Evelynn Porter of Santa Rosa’s Poppy Bank wins North Bay Women in Business award
Evelynn Porter says one of her biggest accomplishments was buying a house at age 28. She is a 2020 North Bay Business Journal Women in Business Awards winner.
Professional background: 27 years in banking
Education: Napa High School and many industry-specific, continuing education classes.
Tell us about yourself and your company: Poppy Bank is truly an amazing place to work and I have felt that since day one. I respect the leadership team, which is essential for me. Our commitment to serving our communities and providing the best products and services has propelled our success.
Poppy Bank is 5-star rated by BauerFinancial and is recognized as one of the strongest financial institutions in the country. The ICBA also ranked us as one of the best-performing banks in the nation!
My first-ever banking job was at Wells Fargo in downtown Napa. They had a real stagecoach inside the bank! I was surrounded by strong, professional women who encouraged and supported me.
From 1993 to 2001 I held many sales-focused and/or operational positions. In 2000 I joined WestAmerica Bank and found my home in commercial lending. I moved to Santa Rosa in 2013 and joined Poppy Bank thereafter.
Is there a major accomplishment in the past year or so that you would like to share?
In the past year, I am most proud of surpassing a professional goal I set in December 2019, before we had even heard of COVID-19.
I stated I would have $40,000,000 or more in my pipeline by May 3, 2020. When the shelter-in-place order took effect, I was unsure my goal was still feasible, but I reminded myself I am a woman who produces results regardless of the circumstances.
I knew it was a great opportunity to see what I am made of. I believe this attitude and my resulting success are why I was nominated for this award.
What is the achievement you are most proud of?
One of my biggest achievements was buying a house when I was 28 years old.
Coming from living in apartments in my childhood and being raised in the welfare system, I told myself very young that I would live differently than my mother. So when I was 28 and a single mom and I purchased a home in Napa, I felt an immense feeling of accomplishment.
At the time I had worked in banking for seven years and was very driven to provide an amazing life for myself and my daughter. It was pretty cool when my nine-year-old told me, “Mom, I noticed we live in a much nicer home than all my friends.” That was a moment I will never forget.
What is your biggest challenge today?
My biggest challenge today is maintaining my desired fitness level and having good spending habits. I believe in the term “mind, body, and spirit” so I like to stay fit and spiritually nourished.
Words that best describe you: Qualities that move me forward are staying motivated, courageous, joyful, excited about life, inspiring, confident and loving.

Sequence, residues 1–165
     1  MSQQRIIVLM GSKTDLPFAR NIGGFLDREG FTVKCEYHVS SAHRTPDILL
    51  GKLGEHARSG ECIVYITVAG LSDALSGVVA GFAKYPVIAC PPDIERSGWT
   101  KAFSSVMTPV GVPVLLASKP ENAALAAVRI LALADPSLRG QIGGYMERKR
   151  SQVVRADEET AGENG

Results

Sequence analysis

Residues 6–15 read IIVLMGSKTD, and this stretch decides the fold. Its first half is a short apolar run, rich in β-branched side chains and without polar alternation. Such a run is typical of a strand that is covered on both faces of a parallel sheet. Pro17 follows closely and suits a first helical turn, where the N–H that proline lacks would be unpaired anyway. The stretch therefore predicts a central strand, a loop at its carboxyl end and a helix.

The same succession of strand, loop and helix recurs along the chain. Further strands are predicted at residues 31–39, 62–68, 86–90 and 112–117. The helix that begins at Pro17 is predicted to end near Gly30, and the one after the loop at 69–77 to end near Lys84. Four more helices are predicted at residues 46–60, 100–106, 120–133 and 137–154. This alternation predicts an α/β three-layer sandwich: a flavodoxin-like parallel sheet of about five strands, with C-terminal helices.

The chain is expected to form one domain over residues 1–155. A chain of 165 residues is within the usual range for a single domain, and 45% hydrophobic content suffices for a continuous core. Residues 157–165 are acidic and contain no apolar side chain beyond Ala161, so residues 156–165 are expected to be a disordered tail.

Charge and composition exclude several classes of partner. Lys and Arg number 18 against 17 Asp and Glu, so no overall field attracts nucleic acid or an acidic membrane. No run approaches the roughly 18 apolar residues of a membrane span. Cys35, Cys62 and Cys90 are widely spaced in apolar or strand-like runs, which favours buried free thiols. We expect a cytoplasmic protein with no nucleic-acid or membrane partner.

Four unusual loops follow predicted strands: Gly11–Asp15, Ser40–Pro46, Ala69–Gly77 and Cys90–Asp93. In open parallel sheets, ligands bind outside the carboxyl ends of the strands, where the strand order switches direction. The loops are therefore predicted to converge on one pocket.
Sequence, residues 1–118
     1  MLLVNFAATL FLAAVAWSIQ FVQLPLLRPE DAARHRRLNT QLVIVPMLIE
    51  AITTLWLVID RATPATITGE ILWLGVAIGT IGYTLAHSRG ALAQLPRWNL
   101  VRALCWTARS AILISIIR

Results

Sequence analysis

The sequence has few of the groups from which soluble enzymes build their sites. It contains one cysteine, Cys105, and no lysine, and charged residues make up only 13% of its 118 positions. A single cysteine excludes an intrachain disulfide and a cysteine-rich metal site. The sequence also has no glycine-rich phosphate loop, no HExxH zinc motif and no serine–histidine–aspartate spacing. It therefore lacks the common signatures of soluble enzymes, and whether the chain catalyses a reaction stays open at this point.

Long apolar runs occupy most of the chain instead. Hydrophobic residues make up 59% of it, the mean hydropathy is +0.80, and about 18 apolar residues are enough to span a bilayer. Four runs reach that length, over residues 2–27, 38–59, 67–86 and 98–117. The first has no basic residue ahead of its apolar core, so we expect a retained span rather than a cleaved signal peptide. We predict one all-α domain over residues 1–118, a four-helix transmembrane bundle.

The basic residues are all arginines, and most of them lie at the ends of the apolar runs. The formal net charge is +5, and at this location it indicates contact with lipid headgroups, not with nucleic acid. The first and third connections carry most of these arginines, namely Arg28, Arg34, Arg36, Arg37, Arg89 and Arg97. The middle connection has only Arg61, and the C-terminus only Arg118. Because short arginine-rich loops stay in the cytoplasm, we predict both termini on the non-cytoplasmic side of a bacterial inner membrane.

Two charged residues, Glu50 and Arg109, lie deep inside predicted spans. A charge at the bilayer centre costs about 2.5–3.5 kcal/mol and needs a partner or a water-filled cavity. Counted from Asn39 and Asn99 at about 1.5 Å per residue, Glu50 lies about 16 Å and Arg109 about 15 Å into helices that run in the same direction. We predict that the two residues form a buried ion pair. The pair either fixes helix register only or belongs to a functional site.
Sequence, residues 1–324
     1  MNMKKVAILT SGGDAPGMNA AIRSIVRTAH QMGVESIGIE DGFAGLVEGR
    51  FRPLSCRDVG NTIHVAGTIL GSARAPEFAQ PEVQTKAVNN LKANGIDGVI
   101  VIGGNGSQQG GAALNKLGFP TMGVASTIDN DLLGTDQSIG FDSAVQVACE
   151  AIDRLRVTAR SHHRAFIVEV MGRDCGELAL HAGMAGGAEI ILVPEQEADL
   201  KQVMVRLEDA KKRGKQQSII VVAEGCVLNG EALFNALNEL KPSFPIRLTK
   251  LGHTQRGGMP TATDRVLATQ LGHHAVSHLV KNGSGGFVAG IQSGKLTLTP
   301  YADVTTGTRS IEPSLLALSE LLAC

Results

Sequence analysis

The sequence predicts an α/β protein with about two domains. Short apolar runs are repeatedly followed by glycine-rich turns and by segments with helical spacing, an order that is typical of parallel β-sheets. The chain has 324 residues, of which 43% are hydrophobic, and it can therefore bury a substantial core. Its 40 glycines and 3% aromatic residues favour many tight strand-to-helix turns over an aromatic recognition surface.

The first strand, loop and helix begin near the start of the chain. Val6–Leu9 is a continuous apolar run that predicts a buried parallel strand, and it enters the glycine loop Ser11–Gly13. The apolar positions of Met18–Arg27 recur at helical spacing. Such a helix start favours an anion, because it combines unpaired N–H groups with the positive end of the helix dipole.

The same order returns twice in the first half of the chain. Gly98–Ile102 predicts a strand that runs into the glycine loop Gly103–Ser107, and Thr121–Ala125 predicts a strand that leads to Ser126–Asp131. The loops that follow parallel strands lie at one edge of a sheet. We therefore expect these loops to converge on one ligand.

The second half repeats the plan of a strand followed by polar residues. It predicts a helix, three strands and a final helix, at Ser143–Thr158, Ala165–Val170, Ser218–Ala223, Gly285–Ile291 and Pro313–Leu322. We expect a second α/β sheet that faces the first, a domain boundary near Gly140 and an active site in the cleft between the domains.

In what ways have the pandemic and the shelter-in-place orders changed who you are as a person that will be a part of you long after the pandemic has passed?
At first it was somewhat nice to have my world shrink to work and home. At some level it felt similar to life before cell phones and social media.
However, I now have a renewed desire to travel and am reminded of the importance of good financial health with small amounts of household debt. I’m pretty sure our grandparents’ generation tried to tell us this!
Also, what ways do you think it will change the way you go about your career and your business?
My business is predicated on a cornerstone of the 5 C’s of lending: Character, Capacity/Cash Flow, Capital, Conditions, and Collateral. These have not changed in decades. It is a little unnerving to know all businesses except for a select few can be shut down and told they are not allowed to operate. That is scary and new.
And when it comes to the COVID-19 issue, what are some the lessons learned for the business community?
Mindset is very important. If you live in fear, creation is limited and so are solutions. Listen to uplifting messages or motivational speakers who have overcome adversity. Have conversations based in positivity and forward movement.
Stay out of complaint. Complainers find more complainers, and not a lot gets created in those conversations. Jim Stovall said one of the best generations came out of World War II and the Great Depression when, to quote Charles Dickens, “It was the age of wisdom, it was the age of foolishness… it was the season of Darkness, the spring of hope...”
As a successful female professional, what were the biggest obstacles you faced and how did you overcome them?
One of the biggest obstacles is holding myself back based on what others think of me. I call this my “look good program.”